The Nepali people have a beautiful love for life and an incredible, innate sense of hospitality for their neighbors old and new.   Nepalis take every occasion to celebrate. In fact, my friends who worked in the Embassy said that recently the Embassy had to change their “paid vacation day” calendar, which typically follows not only American paid vacation days, but also the governmental and religious holy days recognized within that nation, because there are many weeks that for Nepalis they would not work at all! There was too much celebrating to be done!

When Nepalis celebrate, everyone is invited to the party. During our trip we had the opportunity to celebrate Holi, a Hindu spring festival celebrating color and love. At a Holi celebration there is music, dancing, delicious food and conversation. The day typically ends with a colored-dye water fight. The powered dyes are brightly colored and when mixed with water become even more vibrant…so vibrant that they stain your skin for the next few days.

I safely observed this colored-dye fight from afar. We celebrated Holi on the side of a mountain, which was at an elevation of just under 9000ft…and the wind was blowing…and it was 65ish degrees. I reckon if I had joined the fight I would have become a Holi popsicle!

The family that invited us to their Holi celebration gifted us with incredible hospitality. For that afternoon, their home was our home and we were to be at home with them. We talked about every topic imaginable: politics: Nepali and American; economics: Nepali and American; cricket; the 2016 Olympics; religion; and that women can be ministers. The conversations were incredibly diverse in opinions, in life experiences, in knowledge base, and there was peace. We came together. We shared our hearts. We dialogued about our passions and our dreams. We became community and there was peace.

I remember walking down the mountain and turning to look back up to the home where we celebrated Holi and thinking, “Wow, what a sanctuary. This experience is holy. I am being made more holy because of it.”

As reports continue to come out of Nepal I hope I will learn about the safety of this family and the safety of our driver, Ramesh, and his family. I hope that reports of aftershocks cease because the ground stills. I hope that relief efforts are swift and that healing begins sooner rather than later so that the Nepali people can return to their love for and celebration of life.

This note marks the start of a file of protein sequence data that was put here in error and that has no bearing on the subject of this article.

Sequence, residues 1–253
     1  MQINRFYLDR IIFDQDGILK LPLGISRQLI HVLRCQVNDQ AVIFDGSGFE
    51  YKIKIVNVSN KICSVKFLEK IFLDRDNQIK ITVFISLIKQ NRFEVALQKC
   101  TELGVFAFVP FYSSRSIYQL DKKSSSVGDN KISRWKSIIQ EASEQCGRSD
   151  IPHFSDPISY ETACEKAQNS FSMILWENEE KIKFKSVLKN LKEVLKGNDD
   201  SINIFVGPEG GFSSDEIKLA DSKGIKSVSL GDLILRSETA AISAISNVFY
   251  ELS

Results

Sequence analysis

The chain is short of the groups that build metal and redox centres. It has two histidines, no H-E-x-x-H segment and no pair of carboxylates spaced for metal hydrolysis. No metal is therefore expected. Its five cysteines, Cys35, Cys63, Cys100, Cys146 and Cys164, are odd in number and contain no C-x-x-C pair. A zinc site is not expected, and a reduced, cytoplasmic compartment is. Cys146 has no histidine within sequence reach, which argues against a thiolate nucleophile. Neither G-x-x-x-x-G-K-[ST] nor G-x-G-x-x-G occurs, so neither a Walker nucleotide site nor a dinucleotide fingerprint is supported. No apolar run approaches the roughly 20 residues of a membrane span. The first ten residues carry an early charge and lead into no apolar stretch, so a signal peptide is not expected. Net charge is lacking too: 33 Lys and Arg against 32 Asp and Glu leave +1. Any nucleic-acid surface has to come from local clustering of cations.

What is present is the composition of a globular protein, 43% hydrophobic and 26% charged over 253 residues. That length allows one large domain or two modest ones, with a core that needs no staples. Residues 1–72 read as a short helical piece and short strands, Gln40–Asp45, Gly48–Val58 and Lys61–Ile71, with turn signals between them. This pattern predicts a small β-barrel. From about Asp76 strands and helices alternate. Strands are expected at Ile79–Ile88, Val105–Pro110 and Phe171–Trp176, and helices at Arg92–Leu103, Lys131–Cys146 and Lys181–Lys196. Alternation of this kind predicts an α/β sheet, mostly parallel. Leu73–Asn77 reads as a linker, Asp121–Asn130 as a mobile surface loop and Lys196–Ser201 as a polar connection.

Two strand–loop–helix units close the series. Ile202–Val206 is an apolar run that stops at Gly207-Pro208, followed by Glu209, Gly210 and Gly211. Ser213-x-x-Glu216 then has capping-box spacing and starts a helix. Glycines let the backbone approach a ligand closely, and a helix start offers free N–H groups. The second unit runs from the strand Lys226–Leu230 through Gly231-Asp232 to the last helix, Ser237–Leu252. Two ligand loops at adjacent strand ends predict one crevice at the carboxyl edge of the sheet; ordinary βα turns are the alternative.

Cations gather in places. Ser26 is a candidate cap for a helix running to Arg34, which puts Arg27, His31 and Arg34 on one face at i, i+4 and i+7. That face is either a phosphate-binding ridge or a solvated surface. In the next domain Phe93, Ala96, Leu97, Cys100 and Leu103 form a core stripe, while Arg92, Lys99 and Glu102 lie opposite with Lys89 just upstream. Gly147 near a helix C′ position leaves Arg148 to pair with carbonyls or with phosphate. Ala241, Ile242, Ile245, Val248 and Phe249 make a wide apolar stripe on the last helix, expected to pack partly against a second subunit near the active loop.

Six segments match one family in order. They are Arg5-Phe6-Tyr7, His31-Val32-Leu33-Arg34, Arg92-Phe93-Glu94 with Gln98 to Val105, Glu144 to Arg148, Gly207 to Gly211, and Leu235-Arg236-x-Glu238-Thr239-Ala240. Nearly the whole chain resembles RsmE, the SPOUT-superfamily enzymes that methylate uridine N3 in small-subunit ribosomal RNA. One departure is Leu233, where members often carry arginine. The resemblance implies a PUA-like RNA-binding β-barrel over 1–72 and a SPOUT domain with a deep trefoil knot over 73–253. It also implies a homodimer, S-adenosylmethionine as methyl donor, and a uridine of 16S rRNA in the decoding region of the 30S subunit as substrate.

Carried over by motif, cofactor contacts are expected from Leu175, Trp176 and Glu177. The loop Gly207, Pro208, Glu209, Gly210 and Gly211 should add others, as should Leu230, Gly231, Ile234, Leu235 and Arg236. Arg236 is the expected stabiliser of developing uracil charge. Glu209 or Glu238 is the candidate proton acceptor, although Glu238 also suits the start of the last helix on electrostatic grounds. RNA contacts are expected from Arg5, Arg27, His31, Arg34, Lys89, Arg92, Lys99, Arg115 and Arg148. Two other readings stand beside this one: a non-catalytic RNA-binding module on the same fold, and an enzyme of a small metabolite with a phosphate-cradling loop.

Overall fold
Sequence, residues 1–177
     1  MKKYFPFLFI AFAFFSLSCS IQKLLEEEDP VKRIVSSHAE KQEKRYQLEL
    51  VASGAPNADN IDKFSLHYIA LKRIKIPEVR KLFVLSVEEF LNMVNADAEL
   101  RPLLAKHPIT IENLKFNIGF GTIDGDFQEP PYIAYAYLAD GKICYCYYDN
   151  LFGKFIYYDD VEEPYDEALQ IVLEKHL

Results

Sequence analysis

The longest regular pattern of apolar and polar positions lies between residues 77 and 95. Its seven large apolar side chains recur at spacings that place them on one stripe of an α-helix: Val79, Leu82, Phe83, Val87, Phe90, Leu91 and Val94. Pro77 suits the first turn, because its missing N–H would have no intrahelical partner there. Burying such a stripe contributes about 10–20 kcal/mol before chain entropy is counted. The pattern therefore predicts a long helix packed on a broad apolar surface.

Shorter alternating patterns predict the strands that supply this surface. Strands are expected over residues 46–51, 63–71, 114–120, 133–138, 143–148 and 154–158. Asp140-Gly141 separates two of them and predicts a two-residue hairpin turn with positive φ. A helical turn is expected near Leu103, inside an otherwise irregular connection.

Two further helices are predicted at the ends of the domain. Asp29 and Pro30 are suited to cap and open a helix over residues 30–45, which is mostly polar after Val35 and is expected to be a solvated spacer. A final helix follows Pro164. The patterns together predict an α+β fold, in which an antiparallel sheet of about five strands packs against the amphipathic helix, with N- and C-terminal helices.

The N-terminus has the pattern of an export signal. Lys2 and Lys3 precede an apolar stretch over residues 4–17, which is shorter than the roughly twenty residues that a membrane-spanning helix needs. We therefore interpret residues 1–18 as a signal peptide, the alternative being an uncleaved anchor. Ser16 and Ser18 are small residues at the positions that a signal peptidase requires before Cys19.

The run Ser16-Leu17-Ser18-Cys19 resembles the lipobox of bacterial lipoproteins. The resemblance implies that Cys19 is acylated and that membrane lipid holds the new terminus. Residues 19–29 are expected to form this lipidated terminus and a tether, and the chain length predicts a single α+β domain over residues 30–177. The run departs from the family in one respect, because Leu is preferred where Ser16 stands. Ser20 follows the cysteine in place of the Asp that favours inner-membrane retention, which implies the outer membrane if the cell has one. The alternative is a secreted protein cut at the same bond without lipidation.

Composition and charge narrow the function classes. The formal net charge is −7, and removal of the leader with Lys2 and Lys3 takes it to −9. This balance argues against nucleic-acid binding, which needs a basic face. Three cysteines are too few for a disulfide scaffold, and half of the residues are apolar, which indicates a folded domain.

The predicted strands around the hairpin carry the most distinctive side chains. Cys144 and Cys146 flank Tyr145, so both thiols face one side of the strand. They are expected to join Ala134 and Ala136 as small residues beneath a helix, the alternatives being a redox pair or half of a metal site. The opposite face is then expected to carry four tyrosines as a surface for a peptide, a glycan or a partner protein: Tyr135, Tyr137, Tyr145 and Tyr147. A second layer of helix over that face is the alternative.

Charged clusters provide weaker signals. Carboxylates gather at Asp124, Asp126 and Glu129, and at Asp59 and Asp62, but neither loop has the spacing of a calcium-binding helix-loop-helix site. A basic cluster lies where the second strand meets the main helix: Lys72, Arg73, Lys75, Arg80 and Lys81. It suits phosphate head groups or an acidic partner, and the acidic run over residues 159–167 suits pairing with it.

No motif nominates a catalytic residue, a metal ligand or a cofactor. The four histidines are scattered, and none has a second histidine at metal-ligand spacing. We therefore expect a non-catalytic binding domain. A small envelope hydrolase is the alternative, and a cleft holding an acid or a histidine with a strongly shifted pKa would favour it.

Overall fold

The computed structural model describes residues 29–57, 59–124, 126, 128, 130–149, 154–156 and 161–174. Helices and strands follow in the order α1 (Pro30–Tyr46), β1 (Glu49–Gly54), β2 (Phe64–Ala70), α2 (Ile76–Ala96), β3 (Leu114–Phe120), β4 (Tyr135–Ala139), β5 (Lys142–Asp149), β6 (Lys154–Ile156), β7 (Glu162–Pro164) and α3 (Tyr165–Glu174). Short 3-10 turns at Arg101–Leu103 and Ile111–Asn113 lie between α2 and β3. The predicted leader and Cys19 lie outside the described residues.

There are many relief agencies receiving financial contributions at this time to help with the Nepali disaster recovery. I would once again lift up UMCOR – the United Methodist Committee on Relief – as one of these agencies. UMCOR operates on the principle that for every dollar given for relief efforts 100% of that dollar is spent in relief efforts. Nothing is taken out of that dollar for administrative fees or organizational overhead. If you would like to make a gift to UMCOR to help our brothers and sisters in Nepal, you may do so by visiting www.umcor.org, select the DONATE button in the top right corner, and select International Disaster Response. You may also give a contribution to Tuskawilla UMC and mark “UMCOR” on the memo and we will send in your support on behalf of the church.

The Nepali people are truly a people of peace. Our prayerful and financial support will greatly help them reestablish their peace of mind and peace in their homeland. The peace we give is rooted in the peace of Christ and it brings all measures of healing.

Prayer: “Lord, you give the great commission: Heal the sick and preach the word. Lest the church neglect its mission, and the gospel go unheard, help us witness to your purpose with renewed integrity. With the Spirit’s gifts empower us for the work of ministry. Lord, you call us to your service: In my name baptize and teach. That the world may trust your promise, life abundant meant for each, give us all new fervor, draw us closer in community. With the Spirit’s gifts empower us for the work of ministry.”* Amen.

*”Lord, You Give the Great Commission” The United Methodist Hymnal 584.